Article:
I had to make a pee stop which caused me a bit of time in T2. Starting out on the run, my legs felt really good. In fact, my legs felt fine for 20 miles of the run. But the heat was oppressive and it felt like I was running in a convection oven. I started using coke at the aid stations for calories just because I like it. I was dumping cups of water and ice on my head and down my jersey and shorts at every aid station and wiping myself with cold sponges. This offered a brief bit of relief before forging onto the next mile and aid station. The first 10k, I was running 7 minute miles and they felt easy, except for the heat that was starting to build in me. I had a few people looking at my splits that commented that I didn’t stick to my plan, which was to take the run out easy, but honest, I was holding back with my legs. I had done some great run training and thought I was capable of holding 6:55 pace for the marathon. I knew this wasn’t to be the case considering that it was probably the worst heat and humidity I’d ever experienced here during the run. I ran up Palani hill at the 10 mile mark and saw Lisa again. I told her I’d be back soon and we’d have dinner. Out onto the queen K I was still running solidly, but then, around mile 15, I started to melt a bit. My run was reduced to a shuffle at times, but I never stopped to walk. God, I wanted to. I had that devil on my shoulder chirping “just walk, you’ll feel so much better!” but I wouldn’t give in. I knew that as soon as I walked once, it would make it all too easy to do again, and again. The last 10K just sucked. I began counting my foot strikes, trying to shift the focus to anywhere besides how I was feeling. At mile 22, I caved, and walked through an aid station. I hadn’t been eating or drinking much for the whole run. When it gets this hot, I lose my appetite, and if I force it, it usually sits hard in my stomach. I was continuing to sip coke, and dump water on my head, and chew ice. I walked for about 100 meters out of the aid station and then resumed a trot. At mile 24, I locked onto a German who was in my age group and used him to drag me to the top of Palani, and then I surged on the downhill and ran the last mile strong.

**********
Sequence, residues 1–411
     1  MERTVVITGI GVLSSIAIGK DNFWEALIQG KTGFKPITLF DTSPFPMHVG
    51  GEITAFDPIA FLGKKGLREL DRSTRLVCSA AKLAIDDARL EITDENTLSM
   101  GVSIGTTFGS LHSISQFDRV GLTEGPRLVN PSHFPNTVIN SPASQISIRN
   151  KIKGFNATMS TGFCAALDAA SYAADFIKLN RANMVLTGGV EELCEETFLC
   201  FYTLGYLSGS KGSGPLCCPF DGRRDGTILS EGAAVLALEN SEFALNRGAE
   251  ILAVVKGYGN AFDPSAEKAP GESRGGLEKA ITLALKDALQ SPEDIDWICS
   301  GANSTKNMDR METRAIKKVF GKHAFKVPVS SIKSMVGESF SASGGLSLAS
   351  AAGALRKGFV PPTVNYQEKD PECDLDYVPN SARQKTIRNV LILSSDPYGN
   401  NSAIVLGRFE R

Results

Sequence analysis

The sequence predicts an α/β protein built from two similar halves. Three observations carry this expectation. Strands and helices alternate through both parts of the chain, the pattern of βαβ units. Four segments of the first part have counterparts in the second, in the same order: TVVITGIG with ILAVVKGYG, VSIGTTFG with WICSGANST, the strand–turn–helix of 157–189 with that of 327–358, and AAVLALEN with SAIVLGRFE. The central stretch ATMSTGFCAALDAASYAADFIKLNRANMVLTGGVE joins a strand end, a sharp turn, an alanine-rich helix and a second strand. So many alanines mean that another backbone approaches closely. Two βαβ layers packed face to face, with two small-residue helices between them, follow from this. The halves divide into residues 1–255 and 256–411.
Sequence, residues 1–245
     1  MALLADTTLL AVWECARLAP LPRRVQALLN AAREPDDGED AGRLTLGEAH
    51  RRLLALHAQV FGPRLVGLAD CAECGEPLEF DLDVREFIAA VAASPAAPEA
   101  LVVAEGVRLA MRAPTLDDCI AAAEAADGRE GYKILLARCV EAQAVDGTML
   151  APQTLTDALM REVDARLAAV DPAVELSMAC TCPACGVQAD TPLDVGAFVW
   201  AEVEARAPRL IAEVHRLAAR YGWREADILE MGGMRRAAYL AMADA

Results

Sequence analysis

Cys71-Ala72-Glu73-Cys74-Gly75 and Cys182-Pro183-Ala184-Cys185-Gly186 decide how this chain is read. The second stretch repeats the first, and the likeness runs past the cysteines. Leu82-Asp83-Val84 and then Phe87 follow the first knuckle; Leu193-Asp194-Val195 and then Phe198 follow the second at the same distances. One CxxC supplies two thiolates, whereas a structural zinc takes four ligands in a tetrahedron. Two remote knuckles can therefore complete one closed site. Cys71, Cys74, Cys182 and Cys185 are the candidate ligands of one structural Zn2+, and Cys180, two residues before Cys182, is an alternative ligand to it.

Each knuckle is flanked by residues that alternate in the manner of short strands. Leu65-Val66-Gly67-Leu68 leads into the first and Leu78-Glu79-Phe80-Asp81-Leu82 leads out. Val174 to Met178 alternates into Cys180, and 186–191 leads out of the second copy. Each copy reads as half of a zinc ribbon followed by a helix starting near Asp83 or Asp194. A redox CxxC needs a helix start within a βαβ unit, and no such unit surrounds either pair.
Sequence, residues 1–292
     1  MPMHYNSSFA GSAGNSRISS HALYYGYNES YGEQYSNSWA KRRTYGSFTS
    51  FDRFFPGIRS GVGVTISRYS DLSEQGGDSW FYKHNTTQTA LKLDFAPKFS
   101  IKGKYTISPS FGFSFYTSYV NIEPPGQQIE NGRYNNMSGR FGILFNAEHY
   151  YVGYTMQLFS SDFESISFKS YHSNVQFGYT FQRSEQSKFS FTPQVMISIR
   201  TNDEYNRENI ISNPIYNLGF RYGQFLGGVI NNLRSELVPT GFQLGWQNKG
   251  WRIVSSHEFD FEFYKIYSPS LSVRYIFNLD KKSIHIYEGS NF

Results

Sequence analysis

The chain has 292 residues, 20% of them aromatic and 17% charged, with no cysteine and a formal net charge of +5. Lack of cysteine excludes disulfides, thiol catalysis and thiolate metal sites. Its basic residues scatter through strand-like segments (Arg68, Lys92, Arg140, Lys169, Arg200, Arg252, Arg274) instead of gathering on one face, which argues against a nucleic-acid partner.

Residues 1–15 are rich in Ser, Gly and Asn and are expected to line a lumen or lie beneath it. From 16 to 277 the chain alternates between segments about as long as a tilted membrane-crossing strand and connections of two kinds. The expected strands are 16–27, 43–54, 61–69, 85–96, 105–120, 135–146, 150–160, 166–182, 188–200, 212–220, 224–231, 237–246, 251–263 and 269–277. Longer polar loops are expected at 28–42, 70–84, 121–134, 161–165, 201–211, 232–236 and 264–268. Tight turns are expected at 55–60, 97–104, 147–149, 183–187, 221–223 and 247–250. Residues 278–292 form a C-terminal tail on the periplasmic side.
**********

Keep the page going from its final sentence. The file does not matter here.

The last 100 meters of an Ironman is still one of the best feelings in the world. It never gets old, and I was quite proud that I was finishing and in a decent time. At this point in the race, I want the clock to stop clicking, yet I want to slow down and take everything in. Funny, we spend the whole race trying to get to the finish as quickly as possible, and when we get within a ¼ mile of the finish, we want things to run in slow motion.
I was thinking about my very first IM race, which was here in Kona, during the final miles. I was thinking about how there were times in the race, and particularly the later part of the marathon, where I thought to myself “F*&# this! This is the last one of these I’ll ever do”. And then, when floating down the green carpet of the final 100 meters, I was thinking “how will I get my ass back here next year?” This point of the race cannot be described, so I won’t disservice it by trying. Let’s just say that the final 1 minute of a nine and a half hour race makes everything worthwhile, and puts goosebumps on the skin just thinking about it.
Upon crossing the finish line, I continued to heat up, and felt a bit nauseous, so the catchers (they assign two volunteers to each finisher and call them catchers) took me to the med tent. They put cold towels and ice on me but my body heat warmed and melted these things quite quickly. They than gave me an IV and I began to feel better fast.
Curveballs will constantly be thrown our way and how we react and deal with them determines our success and satisfaction. This IM has to be one of most fulfilling ones yet.
Still more to come (if you aren’t sick of reading yet)!